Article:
From Criminal Justice Reform To Protecting The Democracy, Mondaire Jones Wants To Bring ‘Big Structural Changes’ To Congress
Jones, who is running in New York’s 17th District, says fighting systemic racism and hyperpartisanship are top priorities.
In 2008, the chief of the Palo Alto Police Department acknowledged she had instructed officers to stop Black men in response to a string of robberies in the area. Mondaire Jones, who was a senior at Stanford University at the time, organized a group of Black students to call for her resignation and reforms within the department that would stop racial profiling. It was the beginning of what Jones, who is running for Congress in New York’s 17th District, calls his “life’s work” of fighting for criminal justice reform.
“There are two primary problems with our criminal legal system and one is systemic racism, and the other is an overreliance on policing as a means to obtain public safety,” he told The Appeal.
Jones said he wants the government to invest in alternatives to incarceration, eliminate mandatory minimum sentences, abolish private prisons and the federal death penalty, and legalize cannabis. He also wants to make federal funds for local municipalities conditional on independent procedures for investigating killings at the hands of police.
Jones was raised in Spring Valley, New York, in Rockland County, which is part of the congressional district he would represent if he wins the election. His district also includes parts of Westchester County. He’ll be vying against four other candidates for the seat of longtime Representative Nita Lowey, who is retiring after 32 years. If elected, he would be one of the first gay Black men in Congress in a year in which more than 500 LGBTQ candidates are running for office. (Ritchie Torres, another gay Black candidate, is running for New York’s 15th Congressional District.)
Along with criminal justice reform, Jones said he is prioritizing changes to protect the country from attacks on democracy. Among these, he’s been a strong supporter for expanding the Supreme Court. He advocated for expansion even before the death of Justice Ruth Bader Ginsburg and said that it’s vital to achieving the reforms that former Vice President Joe Biden hopes to achieve if he becomes president.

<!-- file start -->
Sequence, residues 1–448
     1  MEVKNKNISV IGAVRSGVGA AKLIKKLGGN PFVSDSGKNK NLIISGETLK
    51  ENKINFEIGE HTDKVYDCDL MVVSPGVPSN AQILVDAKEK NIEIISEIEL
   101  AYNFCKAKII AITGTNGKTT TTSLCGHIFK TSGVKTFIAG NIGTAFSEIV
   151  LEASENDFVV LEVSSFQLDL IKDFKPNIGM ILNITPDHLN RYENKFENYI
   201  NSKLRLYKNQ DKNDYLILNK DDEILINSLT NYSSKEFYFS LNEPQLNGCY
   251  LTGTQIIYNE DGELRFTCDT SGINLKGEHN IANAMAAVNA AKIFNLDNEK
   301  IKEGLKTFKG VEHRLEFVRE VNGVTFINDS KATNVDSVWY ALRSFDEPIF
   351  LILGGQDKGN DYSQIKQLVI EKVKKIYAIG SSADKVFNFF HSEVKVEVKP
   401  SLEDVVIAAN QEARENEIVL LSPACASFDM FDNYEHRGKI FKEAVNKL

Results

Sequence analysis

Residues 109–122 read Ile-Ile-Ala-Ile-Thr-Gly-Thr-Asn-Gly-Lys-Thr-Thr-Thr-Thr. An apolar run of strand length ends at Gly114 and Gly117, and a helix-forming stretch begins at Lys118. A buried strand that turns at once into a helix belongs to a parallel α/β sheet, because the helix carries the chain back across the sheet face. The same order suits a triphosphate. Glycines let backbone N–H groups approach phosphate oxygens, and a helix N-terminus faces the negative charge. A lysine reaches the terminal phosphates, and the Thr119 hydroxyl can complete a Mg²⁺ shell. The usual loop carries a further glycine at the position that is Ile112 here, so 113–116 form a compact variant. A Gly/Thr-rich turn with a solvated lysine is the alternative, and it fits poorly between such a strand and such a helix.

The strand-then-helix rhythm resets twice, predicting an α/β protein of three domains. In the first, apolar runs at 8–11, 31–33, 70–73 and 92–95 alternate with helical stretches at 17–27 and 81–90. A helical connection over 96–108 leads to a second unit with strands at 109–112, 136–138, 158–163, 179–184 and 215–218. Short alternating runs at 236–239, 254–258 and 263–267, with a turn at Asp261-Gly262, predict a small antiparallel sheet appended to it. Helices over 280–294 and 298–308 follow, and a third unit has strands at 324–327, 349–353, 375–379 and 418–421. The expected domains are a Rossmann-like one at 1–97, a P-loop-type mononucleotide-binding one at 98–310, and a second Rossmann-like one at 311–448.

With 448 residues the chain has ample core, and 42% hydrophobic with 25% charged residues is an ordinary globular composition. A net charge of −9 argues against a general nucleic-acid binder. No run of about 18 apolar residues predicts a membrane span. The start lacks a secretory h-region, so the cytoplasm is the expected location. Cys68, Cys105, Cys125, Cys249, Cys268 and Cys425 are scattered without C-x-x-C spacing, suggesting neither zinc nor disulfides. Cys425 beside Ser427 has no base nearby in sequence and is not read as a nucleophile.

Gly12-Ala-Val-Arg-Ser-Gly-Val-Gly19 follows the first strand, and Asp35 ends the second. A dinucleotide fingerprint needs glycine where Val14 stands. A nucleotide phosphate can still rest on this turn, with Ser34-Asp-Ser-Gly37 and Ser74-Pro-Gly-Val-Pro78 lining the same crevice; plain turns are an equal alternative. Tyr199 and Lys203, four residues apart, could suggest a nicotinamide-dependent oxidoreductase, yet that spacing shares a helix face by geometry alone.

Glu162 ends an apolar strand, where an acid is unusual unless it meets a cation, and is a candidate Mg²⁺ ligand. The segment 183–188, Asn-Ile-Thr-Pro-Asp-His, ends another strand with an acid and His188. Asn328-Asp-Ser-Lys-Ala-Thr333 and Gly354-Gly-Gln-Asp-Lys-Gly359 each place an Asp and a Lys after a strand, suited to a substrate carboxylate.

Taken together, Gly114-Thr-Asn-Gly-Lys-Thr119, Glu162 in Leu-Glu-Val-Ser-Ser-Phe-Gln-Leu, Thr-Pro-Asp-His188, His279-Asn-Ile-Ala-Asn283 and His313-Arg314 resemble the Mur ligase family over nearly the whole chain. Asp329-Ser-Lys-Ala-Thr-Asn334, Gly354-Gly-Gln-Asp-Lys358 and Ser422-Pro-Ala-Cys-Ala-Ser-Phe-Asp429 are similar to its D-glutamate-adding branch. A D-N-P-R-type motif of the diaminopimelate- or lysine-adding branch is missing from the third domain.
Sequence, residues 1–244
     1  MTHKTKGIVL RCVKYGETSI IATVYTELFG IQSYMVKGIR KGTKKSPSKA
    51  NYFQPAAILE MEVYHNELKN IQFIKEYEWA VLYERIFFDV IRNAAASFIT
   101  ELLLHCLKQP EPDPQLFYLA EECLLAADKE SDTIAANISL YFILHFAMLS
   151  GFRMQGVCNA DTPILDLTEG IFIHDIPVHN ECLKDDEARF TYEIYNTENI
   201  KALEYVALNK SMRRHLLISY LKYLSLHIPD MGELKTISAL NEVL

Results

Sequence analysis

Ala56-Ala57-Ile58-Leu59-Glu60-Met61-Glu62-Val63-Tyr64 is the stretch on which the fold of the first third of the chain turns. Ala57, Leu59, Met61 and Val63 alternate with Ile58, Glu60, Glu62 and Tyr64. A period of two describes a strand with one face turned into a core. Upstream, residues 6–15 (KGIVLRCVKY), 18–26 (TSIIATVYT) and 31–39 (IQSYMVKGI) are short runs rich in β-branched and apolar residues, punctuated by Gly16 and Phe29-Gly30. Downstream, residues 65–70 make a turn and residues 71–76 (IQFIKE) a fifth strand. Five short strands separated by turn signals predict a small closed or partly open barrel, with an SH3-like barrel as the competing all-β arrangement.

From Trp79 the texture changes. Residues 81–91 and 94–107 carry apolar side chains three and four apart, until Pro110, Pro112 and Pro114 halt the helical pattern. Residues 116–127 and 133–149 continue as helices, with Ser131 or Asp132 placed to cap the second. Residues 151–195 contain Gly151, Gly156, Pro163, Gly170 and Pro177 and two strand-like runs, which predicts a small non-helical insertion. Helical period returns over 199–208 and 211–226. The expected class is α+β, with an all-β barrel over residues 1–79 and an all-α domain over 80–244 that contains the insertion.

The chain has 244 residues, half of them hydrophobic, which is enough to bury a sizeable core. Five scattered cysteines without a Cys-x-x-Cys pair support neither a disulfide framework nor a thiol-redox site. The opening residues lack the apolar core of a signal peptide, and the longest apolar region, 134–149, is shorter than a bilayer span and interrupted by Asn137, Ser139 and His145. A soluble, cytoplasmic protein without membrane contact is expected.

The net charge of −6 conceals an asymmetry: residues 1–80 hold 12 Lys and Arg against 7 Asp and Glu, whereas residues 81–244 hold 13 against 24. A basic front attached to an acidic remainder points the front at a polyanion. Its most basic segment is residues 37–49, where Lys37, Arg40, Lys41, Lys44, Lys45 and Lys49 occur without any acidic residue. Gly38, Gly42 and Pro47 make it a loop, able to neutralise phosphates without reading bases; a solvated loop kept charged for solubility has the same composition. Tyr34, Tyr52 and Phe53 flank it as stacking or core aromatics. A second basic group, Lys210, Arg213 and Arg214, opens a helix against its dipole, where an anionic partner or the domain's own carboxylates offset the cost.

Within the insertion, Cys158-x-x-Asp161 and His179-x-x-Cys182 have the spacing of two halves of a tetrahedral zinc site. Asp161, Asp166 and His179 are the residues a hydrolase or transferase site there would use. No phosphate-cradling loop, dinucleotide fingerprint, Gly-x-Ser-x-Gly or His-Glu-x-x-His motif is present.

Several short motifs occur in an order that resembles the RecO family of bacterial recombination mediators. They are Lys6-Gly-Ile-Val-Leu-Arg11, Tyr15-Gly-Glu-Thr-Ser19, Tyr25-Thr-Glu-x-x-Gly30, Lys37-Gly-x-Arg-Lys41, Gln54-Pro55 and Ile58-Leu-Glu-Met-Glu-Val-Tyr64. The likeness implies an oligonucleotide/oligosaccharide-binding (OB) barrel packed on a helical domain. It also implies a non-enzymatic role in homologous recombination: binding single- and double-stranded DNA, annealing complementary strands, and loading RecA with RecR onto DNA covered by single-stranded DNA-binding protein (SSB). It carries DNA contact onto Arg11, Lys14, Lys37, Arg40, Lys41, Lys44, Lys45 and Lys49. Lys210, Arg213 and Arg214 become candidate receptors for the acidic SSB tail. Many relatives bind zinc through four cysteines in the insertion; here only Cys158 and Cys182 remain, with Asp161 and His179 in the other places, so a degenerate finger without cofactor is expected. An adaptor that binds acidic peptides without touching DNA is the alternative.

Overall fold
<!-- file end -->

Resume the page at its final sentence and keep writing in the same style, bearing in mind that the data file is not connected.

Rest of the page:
“To ensure that legislation has permanence, we must unrig the Supreme Court and ensure that we no longer have a hyperpartisan majority that is hostile to Congress,” Jones said. He added that Chief Justice John Roberts’s role has been to “systematically undermine our democratic institutions,” referring to the court’s 2013 ruling that invalidated part of the 1965 Voting Rights Act that protected voters from discrimination.
Jones thinks that the Court expansion should be included in the For the People Act, a bill that was passed by the House last year and awaits Senate action that would strengthen voting rights and ethics rules, and limit gerrymandering. He said he also plans to introduce legislation to expand the court and is “looking forward to being the leading voice on this issue in the House of Representatives.”
Jones, who was endorsed by Representative Alexandria Ocasio-Cortez of New York, is also a supporter of the Green New Deal. The legislation, introduced by Ocasio-Cortez and Representative Ed Markey of Massachusetts, sets targets for cutting carbon emissions while also creating jobs. Jones said he is committed to tackling the climate crisis and wants to introduce high-speed rail in Rockland County that would get residents to New York City in one ride, as opposed to driving or taking the bus.
“Nothing else matters if we don’t have a planet to inhabit and we have to start acting like that,” Jones said.
Jones is likely to emerge from Election Day victorious. His predecessor, Lowey, handily captured the district’s Democratic vote for more than three decades. And if he does take office in January, Jones is looking forward to helping shape the country into one that he’s always envisioned.
“It is increasingly clear that Joe Biden will win in November,” Jones said. “And that we will take back the U.S. Senate and maintain our majority in the House, so we should really be thinking in earnest how exactly we’re going to roll up our sleeves and do the unprecedented work of enacting big structural changes.”